We find he was born at Sun-bigg, in the parish of Orton, in the County of Westmorland, about the year 1636, of honest parents, who gave him education in grammar learning. At, or about the seventeenth year of his age,

when some Friends, by the mighty power of God, were gathered to be a people, the Lord was pleased to visit bim, and by the testimony of truth, he was reached unto, and convinced of the necessity of an inward and spiritual work to be known and wrought upon the souls of men; and of the emptiness and insufficiency of outward shew and formality, out of the life and power. And in the year 1654, and the eighteenth year of his age, the Lord sent him forth to preach the everlasting Gospel in life and power; and having passed through York, Lincoln, and Cambridge, had some service in his journey, and travelling on foot, he came a youth into Norfolk and Suffolk, where he visited some few meeti ngs of Friends, and Steeple-houses, and meetings of sober professors; at one of which, near an whole meeting was convinced, by the mighty power of God, through his lively and piercing testimony and prayer.

He continued some months in Norfolk, and about Norwich, where having meetings, he preached the everlasting Gospel, and thereby turned many from darkness to light, and from the power of sin and satan, unto God, and his power; that people might not continue in empty forms and shadows, but come to the life and substance of true religion ; and to know Christ their true teacher and leader. And great was his service, labour and travel in those countries, whereby many were reached unto, convinced of, and established in the blessed truth; and some raised up to bear a public testimony thereunto. But he suffered great opposition, hardships, long and sore imprisonments, and severe whipping, for his testimony to the truth, in those his tender years, although few now remain who where living witnesses thereof; yet by a journal of his own writing, which we desire may be printed, the same will more largely appear; and the perusal of which we hope, may be edifying and serviceable, to the present and succeeding generations; and therefore we would not be too particular in relating his suffering, imprisonments, services, and travels, throughout most parts of this nation, but proceed to say something of our own experience, and that knowledge we had of him, and of his eminent services and great concern, for the peace and prosperity of the Church of Christ every where, during his long abode with us in this city.

We may say, he was one whom the Lord had fitly qualified, and prepared by his divine power, and holy Spirit, for that work whereunto he was called ; and whereby he was made one of the most able ministers of the Gospel in our day. He was a large experiencer of the work of God, and deep mysteries of the Heavenly kingdom, and was frequently opened in meetings to declare of and unfold the same, in the clear demonstration of the Spirit and power, dividing the word aright, to the opening and convincing the understandings of many, who were unacquainted with the way and work of truth, and to the comforting, confirming, and establishing of the people and children of the Lord, in their journey and travel Zion-ward.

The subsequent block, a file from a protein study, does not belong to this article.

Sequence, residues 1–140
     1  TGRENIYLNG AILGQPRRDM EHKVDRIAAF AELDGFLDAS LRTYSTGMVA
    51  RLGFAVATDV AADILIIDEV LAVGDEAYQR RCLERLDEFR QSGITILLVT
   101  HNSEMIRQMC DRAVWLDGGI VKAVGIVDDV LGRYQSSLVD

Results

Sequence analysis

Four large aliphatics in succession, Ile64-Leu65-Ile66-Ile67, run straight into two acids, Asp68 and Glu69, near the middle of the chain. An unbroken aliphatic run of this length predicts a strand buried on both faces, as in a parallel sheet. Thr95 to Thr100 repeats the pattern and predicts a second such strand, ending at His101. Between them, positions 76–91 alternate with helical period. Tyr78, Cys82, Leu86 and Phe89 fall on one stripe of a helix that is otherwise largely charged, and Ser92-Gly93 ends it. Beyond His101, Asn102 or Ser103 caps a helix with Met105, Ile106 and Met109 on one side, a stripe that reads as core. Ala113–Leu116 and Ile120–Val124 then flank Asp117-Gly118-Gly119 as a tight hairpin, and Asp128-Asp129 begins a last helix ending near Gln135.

He was not only a zealous contender for, and asserter of the true faith and doctrine of our Lord and Saviour Jesus Christ, in a sound and intelligible testimony, but also was valiant and skilful in the defence thereof, against adversaries and opposers of the same; and one, who through a long course of many days, was careful to adorn the doctrine of our holy profession, by a circumspect life and godly conver. sation, wherein the fruits of the Spirit, viz. love, joy, peace, longsuffering, gentleness, goodness, faith, meekness, and temperance, did eminently shine forth through him, to the praise and glory of God.

Being thus qualified, and of a meek and peaceable disposition, he was had in good esteem amongst most sorts of people that where acquainted with him; which tended much to the opening his way in his public service for truth; and frequent solicitations unto several kings and parliaments, bishops, and great men, of this our land, for the relief and release of his suffering friends and brethren, under sore persecutions, and hard imprisonments, and for liberty of conscience, and also for relief in the case of saths. In which labour of love and